City staff gave the Kingsport Board of Mayor and Aldermen an update on the project during a work session last week. The BMA voted to hire the architectural firm of Cain, Rash, West on Tuesday during its regular meeting for $479,826.
“The next step is taking the conceptual drawings we have and begin putting that in place for the construction drawings,” said Chris McCartt, assistant to the city manager. “We’ve done the programming and conceptual design, and we now have the tenants in place, space allocated within the nonprofit wing, and layout for remodeling and various others sections.”
McCartt said CRW’s work would take about three months to complete, which will include a state fire marshal review — a six-week process.
“I’d like to see some activity on the site this year. I know that may not happen in the form of new construction, but we may look at doing some select demolition at the site to give us a much better understanding of what we’ll be dealing with during the construction phase,” McCartt said.
“Any time you go into an old building for rehab or an addition, knowing what’s behind that structurally makes it easier for the contractor and us to have a firmer cost estimate,” McCartt said.
The project calls for demolishing 13,600 square feet of the existing building, renovating the remaining 46,000 square feet, and adding approximately 50,000 square feet of space — 27,910 of which will be a new nonprofit center.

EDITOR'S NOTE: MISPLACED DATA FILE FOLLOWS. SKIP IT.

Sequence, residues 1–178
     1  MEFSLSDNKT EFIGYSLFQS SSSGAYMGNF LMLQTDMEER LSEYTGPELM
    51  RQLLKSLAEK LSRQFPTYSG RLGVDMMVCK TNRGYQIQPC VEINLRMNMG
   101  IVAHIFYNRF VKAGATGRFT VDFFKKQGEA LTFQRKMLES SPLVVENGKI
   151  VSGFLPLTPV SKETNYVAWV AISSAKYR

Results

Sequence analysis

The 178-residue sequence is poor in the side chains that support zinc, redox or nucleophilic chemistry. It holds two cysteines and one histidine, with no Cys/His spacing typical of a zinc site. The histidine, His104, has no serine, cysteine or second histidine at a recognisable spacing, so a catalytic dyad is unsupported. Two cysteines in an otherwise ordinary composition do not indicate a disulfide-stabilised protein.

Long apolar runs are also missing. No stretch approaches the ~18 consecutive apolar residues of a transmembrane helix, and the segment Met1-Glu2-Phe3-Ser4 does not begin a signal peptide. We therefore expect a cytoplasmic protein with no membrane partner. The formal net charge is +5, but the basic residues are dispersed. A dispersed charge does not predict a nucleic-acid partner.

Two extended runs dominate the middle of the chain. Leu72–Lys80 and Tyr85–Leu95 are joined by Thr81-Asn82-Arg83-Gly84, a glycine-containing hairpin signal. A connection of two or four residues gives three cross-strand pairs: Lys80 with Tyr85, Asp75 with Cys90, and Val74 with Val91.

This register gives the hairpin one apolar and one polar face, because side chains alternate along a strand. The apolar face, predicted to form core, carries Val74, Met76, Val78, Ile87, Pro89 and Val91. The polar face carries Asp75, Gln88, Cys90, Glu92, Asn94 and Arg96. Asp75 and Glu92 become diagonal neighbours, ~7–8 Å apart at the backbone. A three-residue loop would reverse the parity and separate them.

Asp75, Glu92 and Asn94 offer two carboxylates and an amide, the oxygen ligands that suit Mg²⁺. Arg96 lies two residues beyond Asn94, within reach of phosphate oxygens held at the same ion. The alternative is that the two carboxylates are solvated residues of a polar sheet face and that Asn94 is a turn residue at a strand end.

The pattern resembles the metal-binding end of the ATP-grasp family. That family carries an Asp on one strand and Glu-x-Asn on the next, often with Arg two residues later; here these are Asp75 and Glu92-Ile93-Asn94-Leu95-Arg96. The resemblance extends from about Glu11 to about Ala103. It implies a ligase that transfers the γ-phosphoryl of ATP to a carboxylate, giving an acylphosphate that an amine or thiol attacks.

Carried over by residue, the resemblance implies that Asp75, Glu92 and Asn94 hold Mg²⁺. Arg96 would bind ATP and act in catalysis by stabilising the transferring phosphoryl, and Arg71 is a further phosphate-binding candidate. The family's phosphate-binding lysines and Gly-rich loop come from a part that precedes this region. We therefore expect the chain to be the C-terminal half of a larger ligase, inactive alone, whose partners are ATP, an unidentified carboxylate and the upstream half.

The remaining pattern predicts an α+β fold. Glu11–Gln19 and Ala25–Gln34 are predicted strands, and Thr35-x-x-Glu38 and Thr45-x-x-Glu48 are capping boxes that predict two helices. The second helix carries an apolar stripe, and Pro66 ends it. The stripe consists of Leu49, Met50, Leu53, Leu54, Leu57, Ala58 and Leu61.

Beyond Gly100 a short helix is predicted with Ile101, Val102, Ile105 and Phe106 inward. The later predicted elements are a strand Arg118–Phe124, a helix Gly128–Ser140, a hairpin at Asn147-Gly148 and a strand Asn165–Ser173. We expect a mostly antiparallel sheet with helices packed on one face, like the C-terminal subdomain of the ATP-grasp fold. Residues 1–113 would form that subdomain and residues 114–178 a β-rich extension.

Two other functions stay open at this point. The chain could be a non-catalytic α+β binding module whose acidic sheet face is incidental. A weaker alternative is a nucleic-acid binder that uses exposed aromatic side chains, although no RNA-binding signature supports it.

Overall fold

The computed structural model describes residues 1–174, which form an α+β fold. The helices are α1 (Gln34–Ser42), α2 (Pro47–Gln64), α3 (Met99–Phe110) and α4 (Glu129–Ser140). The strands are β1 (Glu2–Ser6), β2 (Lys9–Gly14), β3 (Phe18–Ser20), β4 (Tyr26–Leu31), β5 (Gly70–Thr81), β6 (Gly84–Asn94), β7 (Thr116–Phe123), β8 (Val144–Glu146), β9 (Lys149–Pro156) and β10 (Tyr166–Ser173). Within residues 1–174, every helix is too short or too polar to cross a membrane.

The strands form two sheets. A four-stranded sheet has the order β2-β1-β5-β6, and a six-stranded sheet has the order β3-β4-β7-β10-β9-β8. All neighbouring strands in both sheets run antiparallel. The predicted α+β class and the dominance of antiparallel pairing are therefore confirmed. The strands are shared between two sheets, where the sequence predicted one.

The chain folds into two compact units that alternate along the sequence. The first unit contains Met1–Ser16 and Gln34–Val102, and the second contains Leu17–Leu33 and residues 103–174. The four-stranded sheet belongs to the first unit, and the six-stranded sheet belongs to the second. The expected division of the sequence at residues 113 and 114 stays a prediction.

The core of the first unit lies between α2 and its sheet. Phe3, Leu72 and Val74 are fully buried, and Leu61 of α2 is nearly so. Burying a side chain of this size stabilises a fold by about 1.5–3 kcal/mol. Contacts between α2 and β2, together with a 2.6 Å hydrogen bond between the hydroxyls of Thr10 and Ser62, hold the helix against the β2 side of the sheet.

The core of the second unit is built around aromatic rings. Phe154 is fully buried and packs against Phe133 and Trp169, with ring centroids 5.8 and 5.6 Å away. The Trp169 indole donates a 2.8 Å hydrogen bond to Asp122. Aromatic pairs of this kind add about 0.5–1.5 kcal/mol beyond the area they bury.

Earlier this year, the American Red Cross — which was expected to take up the first floor of the nonprofit wing — pulled out of the project, causing the city to scale back the size of the wing by 3,000 square feet.
The BMA voiced concern in August when McCartt announced the nonprofit wing would open at 100 percent occupancy. Therefore, McCartt said the space was reworked, allowing for an 1,100-square-foot incubator suite to be housed in the new wing.
“We went in and on the first floor added 600 square feet. By doing so we made offices on the first floor more efficient, and we were able to develop a suite with 1,100 square feet,” McCartt said.
Organizations previously committed to the nonprofit wing include the United Way, American Legion and the Upper East Tennessee Human Development Agency (UETHDA) and its Neighborhood Service Center, Big Brothers/Big Sisters and Mountain Region Speech and Hearing.
In addition, Kingsport is allocating space, computers and furniture for the nonprofit Douglass Alumni Association and the Sons and Daughters of Douglass Web site free of charge.
Two new nonprofits were announced this week — Kingsport Tomorrow will be moving from downtown to the new wing, and the Susan G. Komen organization will have a small office in the wing as well.
Early estimates place the cost of the project at $8.4 million (with a worst case scenario being $9.5 million). Kingsport has applied for New Market Tax Credits to help offset the cost of the project — $1 million to $2 million worth, or 15 percent to 20 percent of the project. Kingsport has earmarked $5.6 million in its capital improvement plan for the project, and even if the city gets the New Market Tax Credits, a roughly $2 million gap in funding would still exist.
“We’ve put together a marketing packet for the center talking about the project, its history and the agencies committed. That has been submitted to various investors,” McCartt said. “It’s on the market now, and investors are looking at it. We should hear something back within the week.”